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Original Research: Lung Cancer |

Lobe-Specific Mediastinal Nodal Dissection Is Sufficient During Lobectomy by Video-Assisted Thoracic Surgery or Thoracotomy for Early-Stage Lung CancerLobe-specific N2 Nodal Dissection in Early Cancer

Mark Shapiro, MD; Sagar Kadakia, MD; James Lim, MD; Andrew Breglio, BA; Juan P. Wisnivesky, MD, DrPH; Andrew Kaufman, MD; Dong-Seok Lee, MD; Raja M. Flores, MD
Author and Funding Information

From the Division of Thoracic Surgery (Drs Shapiro, Kadakia, Lim, Kaufman, Lee, and Flores and Mr Breglio) and the Division of Pulmonary and Critical Care Medicine (Dr Wisnivesky), Mount Sinai Medical Center, New York, NY.

Correspondence to: Raja M. Flores, MD, Division of Thoracic Surgery, Mount Sinai Medical Center, 1190 Fifth Ave, Box 1028, New York, NY 10029; e-mail: raja.flores@mountsinai.org


This manuscript was presented as a podium presentation at the CHEST 2012 meeting, October 20-25, 2012, Atlanta, GA.

Funding/Support: The authors have reported to CHEST that no funding was received for this study.

Reproduction of this article is prohibited without written permission from the American College of Chest Physicians. See online for more details.


Chest. 2013;144(5):1615-1621. doi:10.1378/chest.12-3069
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Background:  Lobectomy with complete mediastinal lymphadenectomy is considered standard for patients with early-stage non-small cell lung cancer (NSCLC). However, the benefits of complete lymphadenectomy are unproven. There is evidence suggesting a predictable pattern of mediastinal nodal drainage. This study analyzed the frequency and pattern of mediastinal nodal disease and its impact on outcome in patients with early-stage NSCLC.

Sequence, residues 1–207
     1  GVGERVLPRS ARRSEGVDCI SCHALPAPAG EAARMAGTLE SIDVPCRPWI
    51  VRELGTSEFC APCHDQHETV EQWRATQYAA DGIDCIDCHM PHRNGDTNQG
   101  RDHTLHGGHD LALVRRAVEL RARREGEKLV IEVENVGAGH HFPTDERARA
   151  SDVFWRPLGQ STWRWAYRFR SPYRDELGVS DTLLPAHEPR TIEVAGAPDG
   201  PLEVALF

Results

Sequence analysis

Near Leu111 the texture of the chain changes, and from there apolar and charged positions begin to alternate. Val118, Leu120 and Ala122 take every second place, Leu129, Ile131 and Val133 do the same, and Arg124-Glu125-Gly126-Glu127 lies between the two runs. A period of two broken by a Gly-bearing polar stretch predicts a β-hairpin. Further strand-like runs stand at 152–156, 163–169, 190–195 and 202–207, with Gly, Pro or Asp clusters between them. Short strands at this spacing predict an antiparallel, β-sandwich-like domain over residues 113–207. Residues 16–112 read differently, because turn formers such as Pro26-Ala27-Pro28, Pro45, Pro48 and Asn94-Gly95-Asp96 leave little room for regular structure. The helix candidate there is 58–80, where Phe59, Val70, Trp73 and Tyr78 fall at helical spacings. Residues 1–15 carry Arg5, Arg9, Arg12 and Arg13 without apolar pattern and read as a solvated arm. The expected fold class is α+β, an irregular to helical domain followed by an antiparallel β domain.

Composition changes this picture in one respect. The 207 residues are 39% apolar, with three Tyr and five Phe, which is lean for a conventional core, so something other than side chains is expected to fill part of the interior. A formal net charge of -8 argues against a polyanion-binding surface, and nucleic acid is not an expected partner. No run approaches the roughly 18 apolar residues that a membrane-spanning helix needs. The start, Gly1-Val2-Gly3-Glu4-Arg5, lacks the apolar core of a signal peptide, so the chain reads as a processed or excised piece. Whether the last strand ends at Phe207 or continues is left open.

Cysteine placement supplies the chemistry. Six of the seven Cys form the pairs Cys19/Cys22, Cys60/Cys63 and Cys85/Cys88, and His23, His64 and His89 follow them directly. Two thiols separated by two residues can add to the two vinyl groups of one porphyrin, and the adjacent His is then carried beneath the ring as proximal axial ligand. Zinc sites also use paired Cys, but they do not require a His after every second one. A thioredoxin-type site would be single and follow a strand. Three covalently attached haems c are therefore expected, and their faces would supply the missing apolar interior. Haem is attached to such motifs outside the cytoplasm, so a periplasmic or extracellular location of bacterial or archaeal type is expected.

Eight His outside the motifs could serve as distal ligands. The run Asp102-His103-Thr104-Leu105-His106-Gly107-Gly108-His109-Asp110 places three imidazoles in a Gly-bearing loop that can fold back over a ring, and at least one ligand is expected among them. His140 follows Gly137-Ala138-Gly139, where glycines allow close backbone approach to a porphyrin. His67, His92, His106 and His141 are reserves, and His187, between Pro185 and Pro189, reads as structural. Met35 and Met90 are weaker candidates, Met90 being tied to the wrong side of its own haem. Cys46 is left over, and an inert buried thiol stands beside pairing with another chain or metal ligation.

Methods:  Patients with clinical N0/N1 NSCLC staged with CT scans and PET scans were identified. Disease involvement of resected nodal stations was recorded. Patterns of recurrence in patients who underwent lobectomy with complete mediastinal systematic lymph node sampling (SLNS) were compared with those who underwent lobe-specific mediastinal SLNS.

Results:  From July 2004 to April 2011, 370 patients were identified. Complete SLNS was performed in 282 patients. Fifteen patients (5.3%) in the group with complete SLNS were found to have N2 disease after pathologic evaluation. Patients with left-sided tumors were more likely to have pathologic N2 disease than were patients with right-sided tumors (P = .03). Only one patient (0.36%) had positive N2 disease in the distal mediastinum while skipping lobe-specific mediastinal nodes. In addition, patients with complete SLNS had a rate of recurrence similar to that of the group that had lobe-specific mediastinal evaluation (20.6% vs 18.2%, P = .68).

Conclusions:  Mediastinal N2 metastases follow predictable lobe-specific patterns in patients with negative preoperative CT scans and PET scans. Lobe-specific N2 nodal evaluation results in a recurrence rate similar to that of complete mediastinal evaluation. Lobe-specific mediastinal nodal evaluation appears acceptable in patients with early-stage NSCLC.

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